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Oklahoma zoos expect baby elephant in 2011

BY CARRIE COPPERNOLL Modified: December 7, 2009 at 4:15 am •  Published: December 7, 2009
TULSA — An elephant from the Oklahoma City Zoo is pregnant after only one breeding attempt with a male elephant at the Tulsa Zoo.

Asha conceived in July and is expected to give birth in May 2011. Her sister, Chandra, also mated with male Sneezy, though that attempt was unsuccessful.

If Asha’s pregnancy continues normally, the sisters will return to the Oklahoma City Zoo next year. Asha’s offspring will be the first elephant born at the zoo.

Like all mammals, the first trimester for pregnant elephants is the most fragile. But staff members at both zoos are hopeful, said Mike Connolly, assistant curator of elephants at the Tulsa Zoo.

"It’s hard not to just want to go jumping, leaping through the buildings, through the hallways,” Connolly said. "We realize there’s a long road ahead of us, but this is something we’ve definitely been hoping for, working toward.”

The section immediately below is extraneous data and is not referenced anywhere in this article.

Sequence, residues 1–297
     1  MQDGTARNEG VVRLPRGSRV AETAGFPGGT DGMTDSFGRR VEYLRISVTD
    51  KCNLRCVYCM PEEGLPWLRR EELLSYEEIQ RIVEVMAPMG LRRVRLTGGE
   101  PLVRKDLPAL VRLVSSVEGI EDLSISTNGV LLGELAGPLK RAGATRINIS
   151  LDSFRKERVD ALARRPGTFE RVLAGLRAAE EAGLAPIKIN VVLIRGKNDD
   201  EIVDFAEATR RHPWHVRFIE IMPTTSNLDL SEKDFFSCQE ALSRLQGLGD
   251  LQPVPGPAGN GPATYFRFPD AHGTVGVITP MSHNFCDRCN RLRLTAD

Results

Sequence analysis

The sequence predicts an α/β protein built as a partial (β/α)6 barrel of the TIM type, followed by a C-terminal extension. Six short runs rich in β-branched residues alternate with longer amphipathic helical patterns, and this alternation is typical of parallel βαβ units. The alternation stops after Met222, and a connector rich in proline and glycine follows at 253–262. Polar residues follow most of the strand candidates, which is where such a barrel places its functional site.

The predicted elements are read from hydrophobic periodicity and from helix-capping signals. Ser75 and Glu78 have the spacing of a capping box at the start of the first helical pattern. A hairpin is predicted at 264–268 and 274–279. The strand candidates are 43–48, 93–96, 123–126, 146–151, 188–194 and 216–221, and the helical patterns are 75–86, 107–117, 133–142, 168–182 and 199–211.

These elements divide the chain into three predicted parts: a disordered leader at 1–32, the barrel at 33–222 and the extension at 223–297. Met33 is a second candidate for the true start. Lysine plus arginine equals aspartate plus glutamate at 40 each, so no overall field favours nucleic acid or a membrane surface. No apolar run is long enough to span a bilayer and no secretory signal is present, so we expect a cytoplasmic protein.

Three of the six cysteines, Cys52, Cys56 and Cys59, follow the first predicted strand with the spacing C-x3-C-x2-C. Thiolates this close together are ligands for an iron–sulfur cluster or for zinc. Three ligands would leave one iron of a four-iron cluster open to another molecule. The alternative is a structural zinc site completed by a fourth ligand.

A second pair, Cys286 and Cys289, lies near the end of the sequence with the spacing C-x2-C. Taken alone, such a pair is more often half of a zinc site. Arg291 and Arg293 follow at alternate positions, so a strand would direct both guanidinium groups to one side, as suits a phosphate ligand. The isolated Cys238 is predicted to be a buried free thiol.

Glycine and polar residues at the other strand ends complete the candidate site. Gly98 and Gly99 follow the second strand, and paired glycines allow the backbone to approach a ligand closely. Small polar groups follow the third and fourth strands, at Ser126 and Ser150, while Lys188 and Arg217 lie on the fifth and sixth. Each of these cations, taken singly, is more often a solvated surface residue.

Asha’s peanut
Asha and Chandra were moved to Tulsa in June 2008 as part of the Elephant Species Survival Plan, the nationwide breeding program that monitors genetics and the elephant population. Neither has ever bred, and male Sneezy doesn’t have any living offspring.

The breeding plan all came down to timing, Connolly said. The sisters had to be comfortable in their new home, and zoo staff had to be sure they could accurately predict both elephants’ ovulation cycles.

Tulsa zookeepers also had to decide how to introduce the females to Sneezy. They discussed the options with Oklahoma City keepers and experts from across the country. In the end, the consensus was that the sisters should meet Sneezy together. They were put together with him in June.

The females spent their days in the same habitat as Sneezy and then went to their own enclosure at night. But as Asha neared ovulation in July, Sneezy sought a change of plans, Connolly said.

The bull would stay close to them and prevent them from leaving at night.

Zookeepers decided to let the three stay together overnight until they bred. Two days later, Asha and Sneezy mated.

"He’s a very good, well-behaved bull,” Connolly said. "He’s very tolerant and it went really, really smoothly.”

In August, Chandra ovulated, and Sneezy mated with her. Ongoing Coverage: Elephant Nation